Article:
There seems to be a new headline every week about a hospital or healthcare organization becoming a target of a ransomware attack. Are these incidents on the rise? According to a Ponemon report, criminal attacks like ransomware are the new leading cause of data breach in the healthcare industry, and have risen 125% since 2010.
Ransomware is a specific kind of malware attack designed to hold your data hostage within your own environment until you pay a ransom. In 2016 alone, hospitals across the U.S., Australia and Germany have become victims. Why hospitals? The kind of data healthcare institutions like Hollywood Presbyterian collect from individual patients is particularly attractive to hackers because the records contain much sought-after PHI and PII (personally identifiable information), which goes for a bounty on the black market. In the case of ransomware, a hospital’s patient data is irreplaceable, making it extremely valuable to recover by the institution. And, antiquated IT infrastructures and lack of security awareness at hospitals also plays a role in introducing system vulnerabilities.
In April 2014, the FBI warned in a private notice to the industry that healthcare providers lag behind the financial and retail sectors in cybersecurity, increasing the likelihood of hacks. Ransomware is “definitely a growing threat,” said special Agent Chris Stangl of the FBI cyber division recently.
We’ve rounded up five recent healthcare ransomware incidents that reached the headlines in the past two months.
Hollywood hospital pays $17,000 in bitcoin to hackers; FBI investigating
“Cyber attacks on hospitals have become more common in recent years as hackers pursue personal information they can use for fraud schemes.”
U.S. hospitals are getting hit by hackers
“In this case, Methodist Hospital refused to pay. It simply shut down the infected part of the computer system, relying instead on backup copies of the information stored elsewhere.”
Ransomware wreaking havoc in American and Canadian hospitals
“Ransomware attacks will ‘wreak havoc on America’s critical infrastructure,” warns a report from the Institute for Critical Institute Technology (ICIT), a nonprofit examining the cybersecurity of public and private infrastructure. “Ransomware is less about technological sophistication and more about exploitation of the human element,” says the report.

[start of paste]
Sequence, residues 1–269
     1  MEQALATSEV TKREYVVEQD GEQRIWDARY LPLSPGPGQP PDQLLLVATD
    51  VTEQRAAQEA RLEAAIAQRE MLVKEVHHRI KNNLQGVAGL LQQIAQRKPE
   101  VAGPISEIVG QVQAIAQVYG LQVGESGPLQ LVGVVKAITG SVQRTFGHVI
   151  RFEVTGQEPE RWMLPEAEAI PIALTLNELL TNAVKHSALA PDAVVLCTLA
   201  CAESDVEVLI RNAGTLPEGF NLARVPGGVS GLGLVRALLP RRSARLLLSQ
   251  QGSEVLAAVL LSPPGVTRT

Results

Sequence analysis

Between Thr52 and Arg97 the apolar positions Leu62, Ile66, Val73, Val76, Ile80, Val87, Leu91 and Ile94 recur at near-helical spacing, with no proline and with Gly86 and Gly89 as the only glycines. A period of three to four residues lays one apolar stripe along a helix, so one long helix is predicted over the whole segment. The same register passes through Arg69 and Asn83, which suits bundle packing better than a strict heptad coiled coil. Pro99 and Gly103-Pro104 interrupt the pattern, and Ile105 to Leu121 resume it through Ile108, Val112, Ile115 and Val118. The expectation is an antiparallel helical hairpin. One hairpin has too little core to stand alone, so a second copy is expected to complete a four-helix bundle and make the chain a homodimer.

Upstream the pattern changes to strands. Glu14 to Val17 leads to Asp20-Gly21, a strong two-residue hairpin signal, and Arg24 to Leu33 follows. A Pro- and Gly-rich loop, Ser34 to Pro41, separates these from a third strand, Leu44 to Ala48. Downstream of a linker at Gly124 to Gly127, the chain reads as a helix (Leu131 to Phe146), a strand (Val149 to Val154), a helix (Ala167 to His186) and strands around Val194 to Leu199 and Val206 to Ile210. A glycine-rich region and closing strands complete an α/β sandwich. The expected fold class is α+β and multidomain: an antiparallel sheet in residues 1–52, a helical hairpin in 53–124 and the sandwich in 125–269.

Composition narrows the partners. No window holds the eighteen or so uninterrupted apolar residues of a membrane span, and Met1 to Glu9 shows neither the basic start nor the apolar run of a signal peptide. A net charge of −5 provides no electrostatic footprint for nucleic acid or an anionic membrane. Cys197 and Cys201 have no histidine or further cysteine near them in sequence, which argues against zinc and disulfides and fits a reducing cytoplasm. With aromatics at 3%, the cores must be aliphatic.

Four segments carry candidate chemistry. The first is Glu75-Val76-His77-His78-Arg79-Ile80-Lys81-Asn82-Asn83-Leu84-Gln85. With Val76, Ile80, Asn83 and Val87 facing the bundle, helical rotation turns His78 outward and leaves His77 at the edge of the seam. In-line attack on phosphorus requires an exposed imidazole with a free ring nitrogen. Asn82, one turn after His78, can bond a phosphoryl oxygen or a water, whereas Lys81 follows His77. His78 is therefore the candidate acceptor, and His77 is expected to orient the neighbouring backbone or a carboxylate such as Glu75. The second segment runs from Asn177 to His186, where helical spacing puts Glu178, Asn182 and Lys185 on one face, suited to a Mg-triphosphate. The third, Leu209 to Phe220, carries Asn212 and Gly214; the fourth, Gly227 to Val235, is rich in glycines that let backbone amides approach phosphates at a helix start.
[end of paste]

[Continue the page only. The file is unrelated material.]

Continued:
2 more Southland hospitals attacked by hackers using ransomware
“The goal of these hackers, said security expert Phil Lieberman, is not to steal data but to merely lock it in place and take away the key.”
Virus infects MedStar Health system’s computers, forcing an online shutdown
“’Even the lowest-level staff can’t communicate with anyone. You can’t schedule patients, you can’t access records, you can’t do anything,’ said one employee who asked that her name not be used because she was not authorized to speak about the incident.”
The slew of recent incidents are leading many to ask if ransomware is considered a data breach under HIPAA guidelines. As this Forbes article discusses, ransomware exists in a gray area because in many incidents PHI is never accessed, rather simply held at bay, so there is technically no breach of PHI data. As such, there is no legal reporting requirement, and therefore many more incidents are likely unreported. Yet, the fact that the confidentiality, integrity and availability of electronic protected health information is called into question suggests this could change in the future.
And we all know what can happen after an actual breach of confidential patient information. The following list of articles reveal the aftermath of a healthcare breach in terms of fines and penalties.
Major health system’s research arm pays $3.9M to settle data breach
“Data security has emerged as a critical issue for health care providers as the amount of medical information stored electronically grows exponentially. The fine is one of the largest ever paid to the U.S. Department of Health and Human Services’ Office for Civil Rights.”
Hospital data breach patients to receive settlement checks
“Nearly 31,000 people whose personal health information – including lab results and body mass indexes – was made available on the Internet will split $7.5 million.”
Fortunately, it’s not all bad news. There are some success stories amid the headlines, which offers insight into how to minimize the impact of a ransomware event and shift the thinking around current security approaches.
Backup routines crucial to disaster, hack rebound
“You ought to have a plan that has regular audits of your processes and ensures you have fresh eyes on what you’re doing and why you’re doing it.”
4 reasons not to pay up in a ransomware attack
“Regularly test the backup to make sure the files are archived correctly. The aftermath of a ransomware infection is not the time to discover that critical files were not being stored or jobs weren’t kicked off in a timely manner.”
Case Study: A CISO’s View of Security’s ‘Paradigm Shift’
“’Organizations need to take the assumption of breach. They need to take the defensive mentality that you’re not just putting in tools, but you are actively protecting assets,’ he says. ‘And by assuming breach, that means you need to be able to know if a malicious pattern has happened with your data.'”
Follow the data to improve security preparedness, hospital CIO says
“Healthcare organizations are subject to about one cyberattack per month, according to the Ponemon Institute, with attacks increasing in frequency and sophistication.”
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